The embrace of vaping and other low-risk alternatives to smoking runs through the text. This is probably the first significant government policy paper anywhere that recognises and pursues the opportunities of tobacco harm reduction, rather than defining these technologies as a threat to be suppressed. For that, the Department of Health and its allies deserve considerable credit. Continue reading “English tobacco control plan embraces tobacco harm reduction – world first”
I’m sometimes accused of being a WHO-sceptic, or worse. No more! In the run up to the Framework Convention on Tobacco Control COP-7 meeting in Delhi, 7-12 November, I have been challenged to say something positive about how the FCTC could do useful and constructive things on vaping and tobacco harm reduction from a public health point of view, other than the default answer “absolutely nothing at all”.
I sometimes refer to ENDS – Electronic Nicotine Delivery Systems – to mean vaping equipment and liquids, e-cigarettes etc. Apologies.
Louise Ross, head of the Leicester Stop Smoking Services, took part in a debate on e-cigarette in front of an audience of respiratory nurses. It didn’t go well.
In this guest blog, Louise describes her experience debating e-cigarettes and tobacco harm reduction with a consultant in respiratory medicine apparently prepared to say anything to rubbish e-cigarettes.
In an apparently clandestine operation, undercover public health snoopers ventured into a vape conference carrying concealed air-quality monitoring equipment. They detected … wait for it … e-liquid aerosol in the air. This secretive operation is reported (where else?) the journal Tobacco Control.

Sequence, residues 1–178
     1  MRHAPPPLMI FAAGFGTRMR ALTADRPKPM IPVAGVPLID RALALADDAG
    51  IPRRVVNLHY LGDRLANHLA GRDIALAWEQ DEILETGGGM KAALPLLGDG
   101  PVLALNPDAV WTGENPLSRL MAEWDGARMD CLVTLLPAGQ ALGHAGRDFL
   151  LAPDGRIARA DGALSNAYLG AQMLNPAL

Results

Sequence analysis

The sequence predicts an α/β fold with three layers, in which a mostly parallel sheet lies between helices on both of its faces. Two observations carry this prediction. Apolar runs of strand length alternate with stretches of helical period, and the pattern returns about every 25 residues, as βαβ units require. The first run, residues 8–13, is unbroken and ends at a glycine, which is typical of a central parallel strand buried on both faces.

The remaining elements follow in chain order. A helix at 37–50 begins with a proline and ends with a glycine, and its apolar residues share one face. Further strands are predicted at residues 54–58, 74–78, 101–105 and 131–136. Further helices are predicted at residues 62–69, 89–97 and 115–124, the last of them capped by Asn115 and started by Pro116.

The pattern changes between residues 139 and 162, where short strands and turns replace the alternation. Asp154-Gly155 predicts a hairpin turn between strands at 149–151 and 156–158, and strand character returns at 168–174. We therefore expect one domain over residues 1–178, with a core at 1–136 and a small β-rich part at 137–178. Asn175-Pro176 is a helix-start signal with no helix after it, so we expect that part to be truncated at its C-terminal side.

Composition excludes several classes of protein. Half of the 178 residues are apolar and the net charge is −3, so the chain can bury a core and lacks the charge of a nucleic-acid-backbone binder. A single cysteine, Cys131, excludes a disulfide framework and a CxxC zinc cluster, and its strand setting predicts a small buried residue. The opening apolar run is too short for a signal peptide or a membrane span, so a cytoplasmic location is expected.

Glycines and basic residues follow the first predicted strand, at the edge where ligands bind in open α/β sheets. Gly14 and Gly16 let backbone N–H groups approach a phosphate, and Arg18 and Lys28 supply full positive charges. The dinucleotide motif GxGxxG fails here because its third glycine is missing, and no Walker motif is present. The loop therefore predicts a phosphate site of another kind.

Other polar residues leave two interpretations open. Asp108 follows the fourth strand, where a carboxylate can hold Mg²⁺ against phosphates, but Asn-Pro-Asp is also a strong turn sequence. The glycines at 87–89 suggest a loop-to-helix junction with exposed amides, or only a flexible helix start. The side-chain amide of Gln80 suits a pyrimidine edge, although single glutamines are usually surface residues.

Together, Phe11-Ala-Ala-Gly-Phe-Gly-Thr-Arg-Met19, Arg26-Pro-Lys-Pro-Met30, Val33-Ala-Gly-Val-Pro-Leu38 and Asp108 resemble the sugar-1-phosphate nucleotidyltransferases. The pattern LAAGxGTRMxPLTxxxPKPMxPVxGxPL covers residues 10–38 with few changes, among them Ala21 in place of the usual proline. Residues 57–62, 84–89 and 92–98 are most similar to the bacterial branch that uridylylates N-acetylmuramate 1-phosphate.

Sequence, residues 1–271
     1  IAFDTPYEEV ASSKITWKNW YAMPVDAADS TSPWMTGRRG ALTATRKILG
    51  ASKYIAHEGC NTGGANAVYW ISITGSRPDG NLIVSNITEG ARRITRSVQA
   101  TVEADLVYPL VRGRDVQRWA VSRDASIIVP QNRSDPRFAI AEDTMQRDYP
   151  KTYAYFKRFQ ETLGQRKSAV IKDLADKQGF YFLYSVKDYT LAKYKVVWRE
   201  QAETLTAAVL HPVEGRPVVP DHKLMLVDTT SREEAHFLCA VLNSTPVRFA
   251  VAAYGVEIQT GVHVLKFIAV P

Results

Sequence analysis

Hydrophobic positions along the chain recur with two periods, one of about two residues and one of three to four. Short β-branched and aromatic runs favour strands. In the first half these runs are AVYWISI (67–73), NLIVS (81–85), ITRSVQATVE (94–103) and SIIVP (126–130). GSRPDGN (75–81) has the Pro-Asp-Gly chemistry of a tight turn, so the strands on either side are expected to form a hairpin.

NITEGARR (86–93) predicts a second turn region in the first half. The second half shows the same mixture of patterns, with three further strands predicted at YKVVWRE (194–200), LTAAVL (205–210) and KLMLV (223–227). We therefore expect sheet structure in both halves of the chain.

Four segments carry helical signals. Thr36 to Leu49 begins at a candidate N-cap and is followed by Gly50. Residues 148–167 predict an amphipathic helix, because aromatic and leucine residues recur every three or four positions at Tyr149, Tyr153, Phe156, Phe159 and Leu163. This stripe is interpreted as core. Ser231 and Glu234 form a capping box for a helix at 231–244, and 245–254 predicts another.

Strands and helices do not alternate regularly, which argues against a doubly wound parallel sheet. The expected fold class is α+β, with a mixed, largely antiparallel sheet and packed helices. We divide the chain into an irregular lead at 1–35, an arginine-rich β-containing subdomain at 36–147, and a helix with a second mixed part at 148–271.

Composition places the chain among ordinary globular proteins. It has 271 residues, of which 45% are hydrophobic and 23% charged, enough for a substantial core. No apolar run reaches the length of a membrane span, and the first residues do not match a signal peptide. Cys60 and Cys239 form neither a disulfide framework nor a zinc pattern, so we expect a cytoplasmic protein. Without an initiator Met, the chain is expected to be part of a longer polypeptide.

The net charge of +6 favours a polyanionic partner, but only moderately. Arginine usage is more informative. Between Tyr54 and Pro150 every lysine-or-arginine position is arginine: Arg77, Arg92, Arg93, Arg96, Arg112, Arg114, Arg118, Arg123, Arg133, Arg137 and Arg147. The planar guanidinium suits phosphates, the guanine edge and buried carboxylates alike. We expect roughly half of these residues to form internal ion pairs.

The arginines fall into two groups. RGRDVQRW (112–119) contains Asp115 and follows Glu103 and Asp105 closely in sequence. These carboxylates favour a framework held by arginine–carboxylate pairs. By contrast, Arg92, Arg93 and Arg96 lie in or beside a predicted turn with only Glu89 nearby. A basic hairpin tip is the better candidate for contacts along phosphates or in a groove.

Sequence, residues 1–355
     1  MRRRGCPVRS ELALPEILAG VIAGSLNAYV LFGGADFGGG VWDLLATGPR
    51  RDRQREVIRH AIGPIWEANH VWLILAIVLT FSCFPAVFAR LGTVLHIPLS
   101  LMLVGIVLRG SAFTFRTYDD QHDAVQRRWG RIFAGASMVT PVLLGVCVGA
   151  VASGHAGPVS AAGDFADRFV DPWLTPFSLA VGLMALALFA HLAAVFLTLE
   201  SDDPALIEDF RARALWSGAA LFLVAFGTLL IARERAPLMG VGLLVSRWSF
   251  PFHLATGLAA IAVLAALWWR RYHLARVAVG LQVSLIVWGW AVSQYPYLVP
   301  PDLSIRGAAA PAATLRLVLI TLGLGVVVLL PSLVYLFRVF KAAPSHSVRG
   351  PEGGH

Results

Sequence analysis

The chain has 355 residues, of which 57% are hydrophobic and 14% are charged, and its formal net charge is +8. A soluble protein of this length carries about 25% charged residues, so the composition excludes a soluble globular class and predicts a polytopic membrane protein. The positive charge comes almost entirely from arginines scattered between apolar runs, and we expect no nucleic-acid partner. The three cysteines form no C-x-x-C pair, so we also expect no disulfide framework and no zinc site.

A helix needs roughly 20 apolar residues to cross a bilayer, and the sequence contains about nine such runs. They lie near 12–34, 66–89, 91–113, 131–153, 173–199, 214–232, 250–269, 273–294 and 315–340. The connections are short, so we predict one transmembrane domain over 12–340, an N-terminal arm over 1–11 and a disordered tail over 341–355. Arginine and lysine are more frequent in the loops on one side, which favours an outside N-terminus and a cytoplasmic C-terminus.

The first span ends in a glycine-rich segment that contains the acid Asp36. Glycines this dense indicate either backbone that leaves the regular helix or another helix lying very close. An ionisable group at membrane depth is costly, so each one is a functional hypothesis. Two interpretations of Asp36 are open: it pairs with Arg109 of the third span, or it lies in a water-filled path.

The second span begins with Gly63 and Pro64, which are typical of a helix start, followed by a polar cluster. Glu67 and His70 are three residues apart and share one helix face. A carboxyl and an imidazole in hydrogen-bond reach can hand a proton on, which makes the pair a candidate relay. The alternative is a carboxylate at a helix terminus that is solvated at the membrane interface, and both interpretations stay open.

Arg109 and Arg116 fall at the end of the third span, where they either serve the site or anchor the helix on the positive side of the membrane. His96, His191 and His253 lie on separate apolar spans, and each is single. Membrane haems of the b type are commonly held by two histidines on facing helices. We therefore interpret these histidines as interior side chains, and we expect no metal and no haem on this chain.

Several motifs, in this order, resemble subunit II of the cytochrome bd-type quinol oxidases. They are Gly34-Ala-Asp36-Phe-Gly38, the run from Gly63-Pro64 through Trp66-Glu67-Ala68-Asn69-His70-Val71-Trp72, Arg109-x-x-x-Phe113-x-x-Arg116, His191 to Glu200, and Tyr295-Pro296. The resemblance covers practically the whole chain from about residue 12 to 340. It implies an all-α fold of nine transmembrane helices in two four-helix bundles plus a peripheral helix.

For doing what it should do and doing it well, Public Health England has been subjected to a frenzy of criticism from the public health establishment. What is going on…? I’d like to make ten observations… This commentary focuses on a BMJ news article: Public Health England’s troubled trail, Nov 2015, but applies to other, similar coverage.
I responded to the Department of Health consultation on implementing the EU Tobacco Products Directive [documents / consultation]. The on-line survey system accessible from the consultation page is by far the easiest way to respond. Closes 3rd September 2015.
To be candid, I find this consultation quite patronising. In the manner of putting lipstick on a pig, they are not consulting on the Directive itself – that is irrevocably fixed (albeit subject to legal action that could strike it down), but on implementation detail.
The part of the directive itself that deals with e-cigarettes (Article 20) was never subject to consultation.
Unsurprisingly it amounts to little more than pointless bureaucratic harassment – see why here. So this consultation deals only with options allowed within the fixed terms directive. I was thinking of not responding, but figured any opportunity to discourage the creation of an even bigger mess should be taken. The big mistakes were made in October 2013 – this consultation is a consequence.
My response below – questions not answered are greyed out. PS. if you respond, please give your own thoughts, in your own words, politely and constructively.
Today sees a new e-cigarettes assessment from England’s public health authority, Public Health England. It includes an excellent evidence review by Professors Ann McNeill and Peter Hajek and their colleagues. Great kudos must go to Kevin Fenton, Rosanna O’Connor, Martin Dockrell and their colleague at PHE who have been determined to get this issue right – to maximise the benefits and to take an evidence-based approach to managing the risks.
It has had great media traction in the UK (Google news) though with perhaps too much emphasis on whether the National Health Service should pay for e-cigarettes – something that would be only permitted when medically licensed products become available (see comment on this below). But the overall endorsement of vaping as a harm reduction strategy for public health is strong and compelling. Also see the statement of the New Nicotine Alliance: